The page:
Soria Moria Hotel for three nights

Soria Moria Hotel for three nights

The food was OK, but Tim got a MSG reaction, which was not pleasant for him. I would give the show only a few stars out of ten, though the ladies were elegant, graceful and their hand movements slow and expressive. They have shaped their hands over years to be able to bend the fingers back into these artistic positions.

Tomorrow will be a BIG DAY for us – finally getting to visit Angkor Wat!

GRATITUDE MOMENT: Today I am grateful for the healthy choices we have at home in the food categories, but found it very interesting to see and experience so many local options. Rat, snake and grilled frog are not at the top of my idea of a gourmet meal, but to each their own.

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About Tim and Joanne Joseph

Hi and welcome! We are Tim and Joanne Joseph and we have just embarked on our "next chapter". At a stage in life where traveling the world, taking pictures, and sharing our adventures with friends and family will be our dream come true.
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13 Responses to Food for those with a strong stomach and silk farm

  1. I’d have to be pretty hungry to go for the rats. Even more hungry for the snakes. 🙂 (I have eaten rattlesnake meat, however.) I found the gas bottles interesting. Good post. Thanks. —Curt

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  2. Marie says:

    I remember all the cricket traps with their plastic tarps when I was there. I didn’t try any.

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  3. Nice post. I read during dinner and the fried rats kind of stunned me, lol. Also, the animal cruelty instances hurt to read (pigs are supposedly smarter than dogs) but at the same time, this is someone else’s culture and it’s best not to judge (though of course I’m judging, animal lover and vegan that I am). The silk farm was fascinating. Cheers and enjoy.

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  4. Brenda says:

    Great photos, and detailed descriptions are what I love about your blog. The silk farm and weaving process is fascinating, however the cruelty of animals in any culture is extremely disturbing. I quickly glanced at your picture, but reading that the pigs and ducks are alive–and their process of transporting them –is excruciatingly painful. It hurts my heart. I saw similar examples when I traveled to Malaysia in 1997.
    Thanks for sharing the beauty, as well as addressing some tough issues.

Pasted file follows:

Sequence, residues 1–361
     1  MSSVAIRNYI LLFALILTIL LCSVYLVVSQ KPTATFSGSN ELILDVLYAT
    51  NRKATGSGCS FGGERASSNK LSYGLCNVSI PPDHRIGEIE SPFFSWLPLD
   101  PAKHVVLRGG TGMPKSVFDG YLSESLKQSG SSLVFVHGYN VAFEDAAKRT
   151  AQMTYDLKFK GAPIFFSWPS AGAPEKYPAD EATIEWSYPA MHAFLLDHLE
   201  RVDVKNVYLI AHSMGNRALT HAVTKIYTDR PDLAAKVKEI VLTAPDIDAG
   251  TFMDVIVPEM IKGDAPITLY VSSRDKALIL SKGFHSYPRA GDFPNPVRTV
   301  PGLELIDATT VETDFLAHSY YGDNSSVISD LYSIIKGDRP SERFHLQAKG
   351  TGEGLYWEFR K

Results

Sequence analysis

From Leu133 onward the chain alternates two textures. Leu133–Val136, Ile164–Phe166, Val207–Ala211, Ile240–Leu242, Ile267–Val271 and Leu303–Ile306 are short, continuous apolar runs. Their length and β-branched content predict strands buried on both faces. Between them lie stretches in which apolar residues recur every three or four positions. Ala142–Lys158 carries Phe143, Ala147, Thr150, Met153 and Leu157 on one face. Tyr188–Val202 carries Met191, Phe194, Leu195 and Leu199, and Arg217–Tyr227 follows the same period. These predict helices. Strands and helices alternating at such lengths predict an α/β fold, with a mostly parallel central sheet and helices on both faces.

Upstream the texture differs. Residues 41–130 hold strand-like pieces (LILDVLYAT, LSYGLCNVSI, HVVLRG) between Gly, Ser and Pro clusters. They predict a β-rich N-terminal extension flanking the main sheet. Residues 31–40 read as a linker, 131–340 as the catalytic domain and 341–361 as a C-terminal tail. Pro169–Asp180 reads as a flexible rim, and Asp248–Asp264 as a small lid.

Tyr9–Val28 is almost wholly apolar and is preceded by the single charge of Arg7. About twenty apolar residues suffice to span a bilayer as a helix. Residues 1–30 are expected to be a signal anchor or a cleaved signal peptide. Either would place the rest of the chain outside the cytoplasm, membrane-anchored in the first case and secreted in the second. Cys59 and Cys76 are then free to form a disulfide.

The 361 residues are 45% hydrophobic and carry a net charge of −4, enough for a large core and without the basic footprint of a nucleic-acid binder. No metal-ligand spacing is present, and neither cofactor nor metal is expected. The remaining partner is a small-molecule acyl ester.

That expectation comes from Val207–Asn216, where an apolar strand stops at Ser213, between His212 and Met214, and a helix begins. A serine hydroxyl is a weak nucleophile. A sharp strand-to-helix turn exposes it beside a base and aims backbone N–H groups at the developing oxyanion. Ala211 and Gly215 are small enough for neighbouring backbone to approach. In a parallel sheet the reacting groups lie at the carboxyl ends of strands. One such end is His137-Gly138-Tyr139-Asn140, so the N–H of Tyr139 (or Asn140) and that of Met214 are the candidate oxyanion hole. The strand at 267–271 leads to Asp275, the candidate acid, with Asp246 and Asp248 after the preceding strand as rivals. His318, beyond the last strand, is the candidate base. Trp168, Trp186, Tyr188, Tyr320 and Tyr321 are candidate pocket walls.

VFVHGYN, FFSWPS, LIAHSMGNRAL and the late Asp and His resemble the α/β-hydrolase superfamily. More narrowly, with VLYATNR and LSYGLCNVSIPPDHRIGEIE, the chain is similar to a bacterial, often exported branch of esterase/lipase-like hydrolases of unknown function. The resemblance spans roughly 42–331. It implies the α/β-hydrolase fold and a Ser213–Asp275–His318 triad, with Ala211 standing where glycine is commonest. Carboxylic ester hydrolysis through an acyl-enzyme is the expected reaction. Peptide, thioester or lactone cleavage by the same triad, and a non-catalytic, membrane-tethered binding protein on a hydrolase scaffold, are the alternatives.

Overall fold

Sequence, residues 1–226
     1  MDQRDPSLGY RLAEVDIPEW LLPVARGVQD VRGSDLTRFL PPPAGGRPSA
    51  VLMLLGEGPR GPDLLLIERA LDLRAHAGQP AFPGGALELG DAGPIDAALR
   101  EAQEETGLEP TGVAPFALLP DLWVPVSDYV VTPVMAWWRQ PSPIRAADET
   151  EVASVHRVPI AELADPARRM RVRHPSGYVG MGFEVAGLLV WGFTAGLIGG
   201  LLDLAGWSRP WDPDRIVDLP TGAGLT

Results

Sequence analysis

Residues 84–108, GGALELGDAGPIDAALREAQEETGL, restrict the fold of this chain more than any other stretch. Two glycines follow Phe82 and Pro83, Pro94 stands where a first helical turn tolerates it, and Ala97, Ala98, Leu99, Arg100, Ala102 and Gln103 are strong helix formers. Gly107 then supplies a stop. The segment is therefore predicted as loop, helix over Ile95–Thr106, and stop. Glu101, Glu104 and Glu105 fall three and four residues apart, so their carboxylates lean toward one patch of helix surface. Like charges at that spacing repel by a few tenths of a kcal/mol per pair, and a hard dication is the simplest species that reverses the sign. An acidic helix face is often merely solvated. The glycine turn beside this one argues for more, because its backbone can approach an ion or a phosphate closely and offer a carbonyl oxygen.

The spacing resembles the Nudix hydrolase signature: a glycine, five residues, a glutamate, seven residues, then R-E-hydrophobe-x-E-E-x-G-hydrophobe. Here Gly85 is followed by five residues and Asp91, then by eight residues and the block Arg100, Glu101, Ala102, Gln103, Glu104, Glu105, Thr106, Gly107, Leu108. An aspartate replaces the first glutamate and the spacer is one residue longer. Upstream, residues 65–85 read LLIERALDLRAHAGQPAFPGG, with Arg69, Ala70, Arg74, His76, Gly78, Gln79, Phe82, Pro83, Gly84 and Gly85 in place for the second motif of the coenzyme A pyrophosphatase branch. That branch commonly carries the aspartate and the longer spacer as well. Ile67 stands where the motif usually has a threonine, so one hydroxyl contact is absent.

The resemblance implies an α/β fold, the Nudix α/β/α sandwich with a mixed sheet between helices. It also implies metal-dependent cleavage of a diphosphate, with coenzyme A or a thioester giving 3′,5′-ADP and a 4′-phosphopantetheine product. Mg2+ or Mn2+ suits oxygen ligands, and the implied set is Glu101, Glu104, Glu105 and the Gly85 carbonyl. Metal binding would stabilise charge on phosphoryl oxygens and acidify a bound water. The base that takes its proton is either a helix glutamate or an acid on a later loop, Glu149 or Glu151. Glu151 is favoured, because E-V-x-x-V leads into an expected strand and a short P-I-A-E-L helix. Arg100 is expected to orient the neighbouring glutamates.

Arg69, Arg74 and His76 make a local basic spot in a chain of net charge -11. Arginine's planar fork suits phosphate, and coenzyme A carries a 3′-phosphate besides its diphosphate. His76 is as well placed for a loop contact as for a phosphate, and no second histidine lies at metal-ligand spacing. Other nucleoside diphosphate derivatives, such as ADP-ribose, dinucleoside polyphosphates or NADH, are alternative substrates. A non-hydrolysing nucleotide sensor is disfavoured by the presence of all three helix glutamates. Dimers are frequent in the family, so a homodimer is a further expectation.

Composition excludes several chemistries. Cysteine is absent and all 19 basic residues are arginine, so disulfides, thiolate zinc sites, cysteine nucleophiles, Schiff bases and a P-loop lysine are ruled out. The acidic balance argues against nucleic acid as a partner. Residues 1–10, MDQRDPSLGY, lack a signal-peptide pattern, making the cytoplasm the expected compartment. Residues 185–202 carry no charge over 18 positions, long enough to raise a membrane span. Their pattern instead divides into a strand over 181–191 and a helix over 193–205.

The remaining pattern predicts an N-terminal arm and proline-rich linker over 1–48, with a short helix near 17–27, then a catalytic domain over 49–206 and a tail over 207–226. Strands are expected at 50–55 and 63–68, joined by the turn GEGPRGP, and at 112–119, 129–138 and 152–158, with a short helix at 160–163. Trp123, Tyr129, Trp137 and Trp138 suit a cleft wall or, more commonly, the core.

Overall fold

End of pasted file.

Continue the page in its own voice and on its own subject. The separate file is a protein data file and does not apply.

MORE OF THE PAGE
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  5. Thank you Brenda. I try to keep my writing on a positive note, but also want it to be authentic. Sometimes there is no way to paint a pretty picture, especially when witness to mass genocide or animal cruelty. Still I look at the world through rose colored glasses and hope I can continue to share our experiences in a way that others can learn from and (mostly) enjoy.

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  6. Thank you sooooo much for the great information about Cambodia. We will be there in November. Would you recommend the tour company you are using?

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    • This is our first time with Intrepid. They are a little more basic and stripped down than other tour companies we have used in the past, but we are enjoying ourselves. I think if you are OK with 2 star hotels, have a good sense of adventure, can keep an open mind and heart, be flexible and try to look at things through unbiased eyes, you would love the trip. We will be starting our Gate 1 tour next Monday and the first three days will be duplicates of the start of our Intrepid trip. After that I should be able to give a more objective and balanced comparison of the two companies.

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      • Midlifewalkabout says:

        I soooo appreciate your insight. We are adventurous and love diving into local culture so intrepid could be an option. Ankor Wat is definitely a bucket list destination so I am really enjoying your posts. Thanks again!

        Liked by 1 person